How To Get Shellac Finish Off Old Wood Floors?

how to remove shellac from wood floors

Despite the huge popularity of modern polyurethane glosses, there are homeowners who still like to have natural shellac finish on their wood floors – thanks to its easy application and quick drying time.

Although it’s soft, pliable, and can help achieve a beautiful amber look, the only drawback is it’s not as tough as polyurethane.

This means shellac isn’t very good at resisting moisture, foot traffic as well as daily wear and tear.

With shellacked floors, furniture, or wooden stairs at home, you need to recoat them once in a while to upkeep the shine and finishing.

The good thing is, recoating can be done directly over shellac (without stripping it off) – unless you are planning to restore the surface with some other more durable floor finishing products like polyurethane or synthetic varnishes.

As an undercoat shellac finish will not be workable and it’s better to strip it off if you want to get the best benefits of polyurethane varnish.

How to Strip Shellac from Wood Floors?

Shellac is basically a resin secreted by the female lac bug on forest trees which is processed to be sold as dry flakes.

When dissolved in alcohol you can make a liquid shellac finish that can be used as a brush-on colorant and timber finishes to enhance the natural beauty of grained wood.

The application is easy and can be done with a piece of rag, brush, or sprayer.

If at times, you need to remove this natural finish and color from shellacked wood, it can be done either by sanding or by using denatured alcohol.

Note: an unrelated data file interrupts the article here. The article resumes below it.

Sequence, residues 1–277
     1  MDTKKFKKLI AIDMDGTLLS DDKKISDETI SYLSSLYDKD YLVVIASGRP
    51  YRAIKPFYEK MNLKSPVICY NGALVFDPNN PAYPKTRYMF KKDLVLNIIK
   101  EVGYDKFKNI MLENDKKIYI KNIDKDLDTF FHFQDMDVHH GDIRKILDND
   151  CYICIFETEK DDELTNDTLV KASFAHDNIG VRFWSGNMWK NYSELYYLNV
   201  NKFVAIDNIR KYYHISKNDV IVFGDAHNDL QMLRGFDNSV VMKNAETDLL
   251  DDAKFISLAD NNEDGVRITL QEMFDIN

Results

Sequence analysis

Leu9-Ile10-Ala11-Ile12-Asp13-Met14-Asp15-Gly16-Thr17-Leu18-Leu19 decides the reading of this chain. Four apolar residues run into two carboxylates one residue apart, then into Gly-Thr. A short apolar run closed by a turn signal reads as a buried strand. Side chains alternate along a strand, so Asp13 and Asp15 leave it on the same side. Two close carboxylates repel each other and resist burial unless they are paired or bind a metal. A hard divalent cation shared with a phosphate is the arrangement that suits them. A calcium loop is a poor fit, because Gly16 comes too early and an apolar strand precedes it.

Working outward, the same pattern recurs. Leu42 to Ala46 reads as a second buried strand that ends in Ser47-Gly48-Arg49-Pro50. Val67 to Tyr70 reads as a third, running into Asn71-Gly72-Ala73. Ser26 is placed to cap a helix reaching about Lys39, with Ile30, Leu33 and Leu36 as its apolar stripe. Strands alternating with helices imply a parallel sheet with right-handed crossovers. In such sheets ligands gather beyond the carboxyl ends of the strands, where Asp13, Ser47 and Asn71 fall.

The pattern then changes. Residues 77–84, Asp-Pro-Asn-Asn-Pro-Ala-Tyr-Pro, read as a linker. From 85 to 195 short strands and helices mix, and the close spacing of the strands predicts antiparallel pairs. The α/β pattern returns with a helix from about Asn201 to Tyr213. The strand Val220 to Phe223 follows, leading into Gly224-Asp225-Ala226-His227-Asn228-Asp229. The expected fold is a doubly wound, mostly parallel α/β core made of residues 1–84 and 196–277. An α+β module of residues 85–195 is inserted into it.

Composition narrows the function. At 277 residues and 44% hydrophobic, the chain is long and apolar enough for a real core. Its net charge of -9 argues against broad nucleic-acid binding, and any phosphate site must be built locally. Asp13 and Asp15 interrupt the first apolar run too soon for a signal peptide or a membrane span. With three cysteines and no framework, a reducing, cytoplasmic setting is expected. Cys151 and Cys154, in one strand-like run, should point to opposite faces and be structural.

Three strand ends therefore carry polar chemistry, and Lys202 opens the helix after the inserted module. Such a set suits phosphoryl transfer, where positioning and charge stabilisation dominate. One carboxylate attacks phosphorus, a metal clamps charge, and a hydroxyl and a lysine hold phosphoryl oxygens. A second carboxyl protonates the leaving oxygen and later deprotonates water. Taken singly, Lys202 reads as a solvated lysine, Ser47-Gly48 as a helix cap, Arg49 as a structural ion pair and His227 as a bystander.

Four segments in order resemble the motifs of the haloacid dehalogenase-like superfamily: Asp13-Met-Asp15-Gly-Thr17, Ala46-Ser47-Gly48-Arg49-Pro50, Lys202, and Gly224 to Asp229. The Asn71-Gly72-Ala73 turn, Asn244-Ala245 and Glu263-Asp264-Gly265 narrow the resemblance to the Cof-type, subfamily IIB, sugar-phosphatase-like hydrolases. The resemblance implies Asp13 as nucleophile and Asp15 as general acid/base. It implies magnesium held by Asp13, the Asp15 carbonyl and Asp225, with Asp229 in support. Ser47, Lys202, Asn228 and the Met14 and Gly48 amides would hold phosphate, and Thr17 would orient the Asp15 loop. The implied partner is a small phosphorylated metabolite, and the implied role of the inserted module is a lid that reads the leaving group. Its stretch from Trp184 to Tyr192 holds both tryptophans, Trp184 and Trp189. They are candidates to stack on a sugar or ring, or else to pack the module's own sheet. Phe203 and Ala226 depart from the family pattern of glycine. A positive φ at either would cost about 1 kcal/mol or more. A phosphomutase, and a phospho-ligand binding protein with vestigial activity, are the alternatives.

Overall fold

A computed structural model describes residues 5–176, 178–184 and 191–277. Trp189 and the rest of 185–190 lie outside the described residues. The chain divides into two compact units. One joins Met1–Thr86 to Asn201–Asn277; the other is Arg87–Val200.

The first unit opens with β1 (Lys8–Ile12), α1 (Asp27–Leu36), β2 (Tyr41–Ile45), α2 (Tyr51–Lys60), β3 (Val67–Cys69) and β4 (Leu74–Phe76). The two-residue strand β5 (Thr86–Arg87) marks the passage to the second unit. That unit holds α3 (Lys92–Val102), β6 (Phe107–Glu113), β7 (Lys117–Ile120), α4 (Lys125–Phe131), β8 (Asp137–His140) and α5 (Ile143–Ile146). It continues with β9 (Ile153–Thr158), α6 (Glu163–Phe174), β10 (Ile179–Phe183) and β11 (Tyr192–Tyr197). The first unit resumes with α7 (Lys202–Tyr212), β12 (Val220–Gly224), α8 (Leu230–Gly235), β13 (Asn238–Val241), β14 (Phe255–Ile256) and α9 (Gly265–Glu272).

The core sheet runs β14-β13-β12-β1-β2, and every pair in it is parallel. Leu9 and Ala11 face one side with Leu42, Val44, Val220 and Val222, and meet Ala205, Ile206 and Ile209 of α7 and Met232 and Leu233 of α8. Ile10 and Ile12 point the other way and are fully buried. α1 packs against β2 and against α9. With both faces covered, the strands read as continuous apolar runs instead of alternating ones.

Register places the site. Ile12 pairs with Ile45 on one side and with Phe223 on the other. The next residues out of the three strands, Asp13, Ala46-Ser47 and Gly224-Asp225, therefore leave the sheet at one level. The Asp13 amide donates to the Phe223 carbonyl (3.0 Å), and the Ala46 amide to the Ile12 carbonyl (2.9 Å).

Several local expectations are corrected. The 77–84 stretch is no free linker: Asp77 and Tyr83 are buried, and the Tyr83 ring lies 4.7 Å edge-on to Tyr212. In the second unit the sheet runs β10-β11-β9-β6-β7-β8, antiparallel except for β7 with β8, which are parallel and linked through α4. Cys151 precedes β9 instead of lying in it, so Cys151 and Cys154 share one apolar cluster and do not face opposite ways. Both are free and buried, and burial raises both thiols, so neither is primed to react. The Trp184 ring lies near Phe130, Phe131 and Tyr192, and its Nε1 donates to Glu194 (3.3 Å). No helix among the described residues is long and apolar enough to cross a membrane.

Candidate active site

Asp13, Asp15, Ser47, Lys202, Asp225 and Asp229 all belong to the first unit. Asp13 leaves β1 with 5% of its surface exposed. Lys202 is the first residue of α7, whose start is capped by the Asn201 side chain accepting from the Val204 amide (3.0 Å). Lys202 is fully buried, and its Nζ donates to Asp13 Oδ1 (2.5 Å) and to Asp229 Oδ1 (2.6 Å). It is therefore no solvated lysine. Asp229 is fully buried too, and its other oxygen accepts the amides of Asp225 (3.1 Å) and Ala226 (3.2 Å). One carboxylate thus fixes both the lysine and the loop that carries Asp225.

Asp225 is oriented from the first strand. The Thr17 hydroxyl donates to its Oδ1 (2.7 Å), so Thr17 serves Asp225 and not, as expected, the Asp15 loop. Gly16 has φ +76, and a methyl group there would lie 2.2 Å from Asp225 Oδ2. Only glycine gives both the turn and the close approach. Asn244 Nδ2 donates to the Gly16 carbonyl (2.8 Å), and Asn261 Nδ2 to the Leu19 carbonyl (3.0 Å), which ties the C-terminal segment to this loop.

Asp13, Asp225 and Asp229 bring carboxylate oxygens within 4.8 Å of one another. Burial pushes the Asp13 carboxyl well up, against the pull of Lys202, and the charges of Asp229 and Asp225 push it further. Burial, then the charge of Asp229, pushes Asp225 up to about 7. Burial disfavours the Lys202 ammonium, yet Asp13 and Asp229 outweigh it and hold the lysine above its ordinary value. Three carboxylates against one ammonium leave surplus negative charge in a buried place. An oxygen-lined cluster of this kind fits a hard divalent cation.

Here is a step-by-step process you need to follow…

Step 1 – Clean

Before proceeding, with sanding or alcohol solution make sure you mop the entire floor nicely.

For old floors that have deposited dust, debris or soot, prepare a strong solution in a bucket with hot water and detergent.

Most wood floors with a shellac coating are protected with a wax sealer, so you need to get the detergent that can cut the protective wax layer.

Step 2 – Sand the Floor

Lightly sand your hardwood floors with an orbital sander loaded with sandpaper of about 120 to 220 grits.

Wood materials like maple are however hard and will require you to go tougher with 24- to 36-grit range, especially if it has a lot of heavy finish on it and hasn’t been sanded or refinished for long.

Remember, when sanding and stripping shellac from wood floorboards it’s good to divide the floor using masking tape into 4–5-foot squares.

This will allow you to work on smaller sections separately without messing up the job.

Step 3 – Apply Denatured Alcohol

Once sanded, spread and apply denatured alcohol evenly over the wooden floor section (one at a time) with a rag or a paintbrush.

Allow the solvent to work for about two to three minutes.  

And then with a paint scraper tool (plastic scraper or a putty knife) scrape off the finish as much as you can.

Make sure you take time and remove all the dissolved shellac finishing even if you have V groove floorboards or chevron flooring patterns.

Step 4 – Scrub with Steel Wool

Next, you will need to scrub the wooden floorboards with a pad of fine 000 steel wool.

Soak the steel wool pad in alcohol and work along the grain of the wood.

Make sure you do not scrub the boards across it as it can cause streaking.

Step 5 – Remove the Residues

Finally, wipe down you’re flooring with a clean cloth dampened with alcohol.

This will completely get rid of the last bit of residue that may have remained on the floor section you are working on.

Well, you have now removed all the old shellac finishing from the wood floor section.

It’s time to switch on to the next floor section and repeat the process for all remaining sections.

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